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The four writers of the gospels bearing their names are four diverse and fascinating men chosen by God to author them. MATTHEW was one of the twelve disciples, a tax collector. He left all to follow Jesus and gave the Lord a great feast, Luke 5:28-29. With his change of heart, he likely had a change of name from Levi to Matthew “the gift of the Lord.” The irony is that one with an unpatriotic occupation and despised by the Jews was the one to pen a gospel to the Jews about their king. Matthew’s writings reflect his background as he “collected” material for his gospel and was quite detailed and highly organized. He used numbers frequently and referred to money more than the other gospel writers. Tax collectors wrote in a form of shorthand so that they could have recorded person’s words as they spoke. The lengthy discourses found in Matthew’s gospel may be actual transcripts. MARK or John Mark, likely the young man of Mark 14:51-52, wrote the second gospel. He had both Jewish and Roman names so his father may have been a Roman. Many believe he wrote to a Roman audience. He is remembered for both his failure and his faithfulness. He first served with Paul and Barnabas his cousin, Colossians 4:10, until he unexpectedly returned home, losing Paul’s confidence in him. Eventually, he assisted Peter, I Peter 5:13, and with Peter’s permission, he recorded the first-hand recollections of Peter. Finally, he became the trusted fellow worker of Paul, Colossians 4:10-11, Philemon 24, who specifically requested for him to come, II Timothy 4:11. Mark’s background of service is reflected in this gospel as he portrays Jesus as the servant of God, Mark 10:45, and gives an action-packed narrative of the Lord’s ministry. LUKE, the author of the third gospel, was a Jew, an associate of Paul, probably writing his two-volume work, “Luke” and “Acts” for a defense for Paul who was under house arrest, Acts 28:30. Luke was an absolutely accurate historian. Luke was also a physician, who wrote about people in all their human traits and emotions. He noted the births of John and Jesus, and the one boyhood experience of Jesus. He noted human touches about the Lord, such as the Spirit acting upon Him and His agonizing in prayer. JOHN, the last of the gospel writers, was one of the twelve disciples, who modestly referred to himself as the “disciple whom Jesus loved.” John was a fisherman with his father Zebedee’s fish business, Mark 1:20. When Jesus called John to follow Him, he and his brother James were mending nets, Matthew 4:21. This fact seems to be reflected in his writings of encouraging and repairing relationships. His distinctively unique gospel is the only one designated as an evangelistic gospel, John 20:30-31. And yet it delves into the riches of deeper spiritual truths of the Lord, such as His deity and His great love. These four men wrote these powerful, life-changing portraits of Christ.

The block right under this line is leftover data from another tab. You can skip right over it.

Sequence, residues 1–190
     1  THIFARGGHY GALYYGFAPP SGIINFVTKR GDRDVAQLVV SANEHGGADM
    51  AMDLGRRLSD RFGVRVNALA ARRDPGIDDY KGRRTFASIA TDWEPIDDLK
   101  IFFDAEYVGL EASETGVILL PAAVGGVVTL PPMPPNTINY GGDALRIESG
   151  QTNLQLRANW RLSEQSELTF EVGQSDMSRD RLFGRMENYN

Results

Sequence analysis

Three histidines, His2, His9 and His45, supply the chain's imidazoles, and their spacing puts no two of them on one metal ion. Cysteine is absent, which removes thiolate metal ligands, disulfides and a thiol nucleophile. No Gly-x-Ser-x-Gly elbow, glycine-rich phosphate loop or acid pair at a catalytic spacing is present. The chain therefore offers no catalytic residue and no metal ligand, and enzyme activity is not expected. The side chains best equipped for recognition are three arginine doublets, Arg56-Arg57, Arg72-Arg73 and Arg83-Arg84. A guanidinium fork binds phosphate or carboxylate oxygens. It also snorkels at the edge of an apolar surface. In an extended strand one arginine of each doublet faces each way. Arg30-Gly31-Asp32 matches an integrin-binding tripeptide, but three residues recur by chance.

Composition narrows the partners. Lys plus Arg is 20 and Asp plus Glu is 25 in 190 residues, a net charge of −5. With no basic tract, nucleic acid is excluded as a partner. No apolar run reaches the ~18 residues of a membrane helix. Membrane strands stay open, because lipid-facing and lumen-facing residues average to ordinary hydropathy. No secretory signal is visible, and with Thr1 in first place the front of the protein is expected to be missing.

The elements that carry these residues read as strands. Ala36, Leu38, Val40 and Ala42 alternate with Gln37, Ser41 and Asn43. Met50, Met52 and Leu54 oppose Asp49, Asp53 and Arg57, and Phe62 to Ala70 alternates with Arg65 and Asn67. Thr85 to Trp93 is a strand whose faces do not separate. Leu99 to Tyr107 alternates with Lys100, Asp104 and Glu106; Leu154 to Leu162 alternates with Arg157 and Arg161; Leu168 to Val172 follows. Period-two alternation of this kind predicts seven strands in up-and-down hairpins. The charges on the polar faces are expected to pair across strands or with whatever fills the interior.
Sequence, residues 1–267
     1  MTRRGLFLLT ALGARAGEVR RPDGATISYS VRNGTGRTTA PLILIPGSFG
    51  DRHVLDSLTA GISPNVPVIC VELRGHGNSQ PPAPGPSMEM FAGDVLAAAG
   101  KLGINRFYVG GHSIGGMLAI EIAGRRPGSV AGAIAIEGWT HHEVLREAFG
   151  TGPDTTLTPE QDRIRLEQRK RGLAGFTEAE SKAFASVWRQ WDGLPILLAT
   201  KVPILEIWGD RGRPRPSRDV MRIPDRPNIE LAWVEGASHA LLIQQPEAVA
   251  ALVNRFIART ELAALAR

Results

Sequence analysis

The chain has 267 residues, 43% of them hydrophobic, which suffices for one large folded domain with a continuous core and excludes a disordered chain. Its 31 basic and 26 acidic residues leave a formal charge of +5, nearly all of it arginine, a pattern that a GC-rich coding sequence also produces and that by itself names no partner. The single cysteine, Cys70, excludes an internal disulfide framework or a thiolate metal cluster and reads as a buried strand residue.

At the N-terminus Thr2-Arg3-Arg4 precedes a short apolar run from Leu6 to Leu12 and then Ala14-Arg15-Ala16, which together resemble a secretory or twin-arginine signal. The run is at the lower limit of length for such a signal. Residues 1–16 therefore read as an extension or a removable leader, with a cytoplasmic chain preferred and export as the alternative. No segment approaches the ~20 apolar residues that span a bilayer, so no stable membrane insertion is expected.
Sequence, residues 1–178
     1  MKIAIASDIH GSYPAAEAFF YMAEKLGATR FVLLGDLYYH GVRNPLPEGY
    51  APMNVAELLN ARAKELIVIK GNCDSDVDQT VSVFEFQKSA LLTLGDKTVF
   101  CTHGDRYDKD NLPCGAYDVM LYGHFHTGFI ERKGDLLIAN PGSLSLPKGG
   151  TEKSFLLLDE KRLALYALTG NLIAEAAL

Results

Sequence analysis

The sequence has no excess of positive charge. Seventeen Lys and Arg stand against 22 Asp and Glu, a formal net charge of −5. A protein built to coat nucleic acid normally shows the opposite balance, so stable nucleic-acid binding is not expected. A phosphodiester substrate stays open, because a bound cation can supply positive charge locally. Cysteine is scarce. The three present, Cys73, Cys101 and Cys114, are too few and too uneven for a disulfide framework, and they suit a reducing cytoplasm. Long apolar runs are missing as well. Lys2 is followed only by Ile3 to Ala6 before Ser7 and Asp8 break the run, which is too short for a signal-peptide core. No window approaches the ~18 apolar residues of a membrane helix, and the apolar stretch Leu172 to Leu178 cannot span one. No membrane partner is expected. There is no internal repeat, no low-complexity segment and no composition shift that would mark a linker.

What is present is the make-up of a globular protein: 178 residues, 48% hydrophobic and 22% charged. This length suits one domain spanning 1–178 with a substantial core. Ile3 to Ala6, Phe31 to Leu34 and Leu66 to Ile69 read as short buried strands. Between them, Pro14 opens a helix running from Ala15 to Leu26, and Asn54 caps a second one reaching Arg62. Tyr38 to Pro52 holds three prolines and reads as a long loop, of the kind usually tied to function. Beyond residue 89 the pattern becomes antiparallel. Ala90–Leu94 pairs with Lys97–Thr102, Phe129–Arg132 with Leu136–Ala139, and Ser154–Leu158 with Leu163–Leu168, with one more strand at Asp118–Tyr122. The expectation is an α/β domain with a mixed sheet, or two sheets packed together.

The gospels that bear the names Matthew and John were written by the apostles Matthew and John, respectively. We are not sure whether they wrote them personally or dictated them to a scribe. As for the gospels according to Luke and Mark, these were written by the close disciples of Paul and Peter, respectively, named Luke and Mark.
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